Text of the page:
Beginning in the early 1960s, one of the main venues where audiences could watch underground films outside of New York City was the midnight movie screening series called Underground Cinema 12.
In a letter dated June 1, 1962, the newly formed Film-Makers’ Cooperative offered their first list of films that were available to rent. Fourteen filmmakers were represented.
1963 was a pivotal year in the history of avant-garde film in the United States. In Visionary Film, P. Adams Sitney calls it “the high point of the mythopoeic development within the American avant-garde.”
In 1966, as the underground film wave was sweeping the country, a Boston off-shoot of New York City’s Film-Makers’ Cinematheque opened at a performance space at 53 Berkeley Street. Underground films were shown on weeknights, while on the weekends the space transformed into a music venue called The Boston Tea Party.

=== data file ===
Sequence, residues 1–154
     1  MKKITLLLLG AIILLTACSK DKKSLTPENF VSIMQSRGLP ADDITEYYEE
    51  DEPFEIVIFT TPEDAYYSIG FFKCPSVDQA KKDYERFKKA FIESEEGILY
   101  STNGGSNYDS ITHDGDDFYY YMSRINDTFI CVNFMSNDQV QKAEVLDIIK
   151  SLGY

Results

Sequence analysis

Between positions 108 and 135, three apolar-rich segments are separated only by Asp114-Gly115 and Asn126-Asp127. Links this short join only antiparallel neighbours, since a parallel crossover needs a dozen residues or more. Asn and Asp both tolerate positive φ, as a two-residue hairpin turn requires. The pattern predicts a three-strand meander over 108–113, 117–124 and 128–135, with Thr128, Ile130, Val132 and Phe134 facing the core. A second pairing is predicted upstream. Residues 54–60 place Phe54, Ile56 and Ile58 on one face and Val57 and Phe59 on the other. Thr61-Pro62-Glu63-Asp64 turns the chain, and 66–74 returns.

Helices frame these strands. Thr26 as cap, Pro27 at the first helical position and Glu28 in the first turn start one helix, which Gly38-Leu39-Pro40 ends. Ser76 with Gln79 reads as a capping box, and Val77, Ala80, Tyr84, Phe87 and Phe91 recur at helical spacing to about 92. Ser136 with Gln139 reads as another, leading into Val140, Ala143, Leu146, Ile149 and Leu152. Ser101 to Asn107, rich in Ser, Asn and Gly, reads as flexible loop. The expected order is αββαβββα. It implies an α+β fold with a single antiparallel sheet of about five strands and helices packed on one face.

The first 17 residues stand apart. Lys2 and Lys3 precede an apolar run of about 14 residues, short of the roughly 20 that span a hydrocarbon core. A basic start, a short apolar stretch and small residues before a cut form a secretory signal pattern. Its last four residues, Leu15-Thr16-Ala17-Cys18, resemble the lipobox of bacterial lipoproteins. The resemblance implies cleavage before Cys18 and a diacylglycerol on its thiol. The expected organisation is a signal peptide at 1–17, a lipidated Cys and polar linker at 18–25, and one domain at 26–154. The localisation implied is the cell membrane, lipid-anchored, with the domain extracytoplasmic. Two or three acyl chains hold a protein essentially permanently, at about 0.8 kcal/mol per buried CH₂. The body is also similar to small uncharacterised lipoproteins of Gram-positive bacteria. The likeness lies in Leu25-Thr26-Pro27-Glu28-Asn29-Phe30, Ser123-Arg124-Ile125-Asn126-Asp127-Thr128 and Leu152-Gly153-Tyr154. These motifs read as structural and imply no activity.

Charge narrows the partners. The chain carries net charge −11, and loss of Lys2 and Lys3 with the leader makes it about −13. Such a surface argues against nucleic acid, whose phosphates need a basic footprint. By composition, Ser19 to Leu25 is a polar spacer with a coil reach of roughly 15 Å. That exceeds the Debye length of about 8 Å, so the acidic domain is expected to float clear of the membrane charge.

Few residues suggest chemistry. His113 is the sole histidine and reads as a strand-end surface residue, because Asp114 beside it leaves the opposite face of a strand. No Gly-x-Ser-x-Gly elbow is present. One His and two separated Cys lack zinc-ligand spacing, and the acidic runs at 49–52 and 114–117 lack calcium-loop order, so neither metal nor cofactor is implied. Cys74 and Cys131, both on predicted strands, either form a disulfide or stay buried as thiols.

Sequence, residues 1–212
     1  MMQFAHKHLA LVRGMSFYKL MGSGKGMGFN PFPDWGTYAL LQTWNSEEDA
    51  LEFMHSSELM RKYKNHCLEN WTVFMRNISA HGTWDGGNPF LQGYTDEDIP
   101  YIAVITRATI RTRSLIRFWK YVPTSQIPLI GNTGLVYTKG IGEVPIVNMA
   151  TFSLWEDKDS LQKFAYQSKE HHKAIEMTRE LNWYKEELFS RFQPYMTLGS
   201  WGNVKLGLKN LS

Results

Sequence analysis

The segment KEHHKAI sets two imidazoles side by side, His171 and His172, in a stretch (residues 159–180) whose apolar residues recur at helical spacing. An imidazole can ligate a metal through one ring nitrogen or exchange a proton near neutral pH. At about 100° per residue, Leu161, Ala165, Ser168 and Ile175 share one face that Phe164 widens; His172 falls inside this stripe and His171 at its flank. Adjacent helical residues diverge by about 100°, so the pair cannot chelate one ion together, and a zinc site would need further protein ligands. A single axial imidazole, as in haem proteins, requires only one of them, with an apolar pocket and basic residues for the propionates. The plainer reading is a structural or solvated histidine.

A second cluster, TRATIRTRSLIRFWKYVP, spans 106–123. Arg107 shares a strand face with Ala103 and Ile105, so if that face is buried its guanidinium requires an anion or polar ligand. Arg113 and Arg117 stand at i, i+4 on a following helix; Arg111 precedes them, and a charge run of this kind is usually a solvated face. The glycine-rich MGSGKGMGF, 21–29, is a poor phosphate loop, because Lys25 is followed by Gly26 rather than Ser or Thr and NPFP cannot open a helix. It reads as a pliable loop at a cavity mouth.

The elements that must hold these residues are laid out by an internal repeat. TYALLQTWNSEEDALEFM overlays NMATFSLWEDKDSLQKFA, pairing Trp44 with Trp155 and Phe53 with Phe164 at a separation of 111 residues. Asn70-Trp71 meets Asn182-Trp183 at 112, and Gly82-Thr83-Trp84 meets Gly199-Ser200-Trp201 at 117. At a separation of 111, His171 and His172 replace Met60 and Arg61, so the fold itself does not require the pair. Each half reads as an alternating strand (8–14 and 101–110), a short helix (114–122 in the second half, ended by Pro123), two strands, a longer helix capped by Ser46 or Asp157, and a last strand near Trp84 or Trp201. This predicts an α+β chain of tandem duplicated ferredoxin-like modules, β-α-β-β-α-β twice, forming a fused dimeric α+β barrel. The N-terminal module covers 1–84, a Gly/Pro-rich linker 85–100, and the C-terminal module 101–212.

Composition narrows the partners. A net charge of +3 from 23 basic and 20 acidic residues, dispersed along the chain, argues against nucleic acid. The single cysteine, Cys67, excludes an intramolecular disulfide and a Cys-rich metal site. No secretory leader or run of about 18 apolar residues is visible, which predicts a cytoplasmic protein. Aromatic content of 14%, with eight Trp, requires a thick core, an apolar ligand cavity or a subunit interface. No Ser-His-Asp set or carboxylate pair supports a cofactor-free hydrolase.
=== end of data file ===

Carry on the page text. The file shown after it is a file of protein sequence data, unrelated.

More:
The National Film Preservation Foundation and The Film Foundation have awarded their annual Avant-Garde Masters Grants for 2012, which will save films by Mike Kuchar, Ian Hugo, Jud Yalkut and more.
Here’s the list of all 330 films included in the Anthology Film Archives’ Essential Cinema repertory collection that was founded in 1970.
Here’s a list of filmmakers that author Sheldon Renan wrote bios for in his seminal ’67 book An Introduction to the American Underground Film.
Jan. 16: Anthology Film Archives is screening the dream-like Vampyr, the 1931 trance film by Danish director Carl Theodore Dreyer.
Oct. 25: For the first time ever, Robert Beavers will be in Los Angeles to screen several of his short films produced between 1980 and 2007.
Legendary underground film distribution group the Film-Makers’ Cooperative is about to be evicted from its home in the Clocktower Gallery in NYC.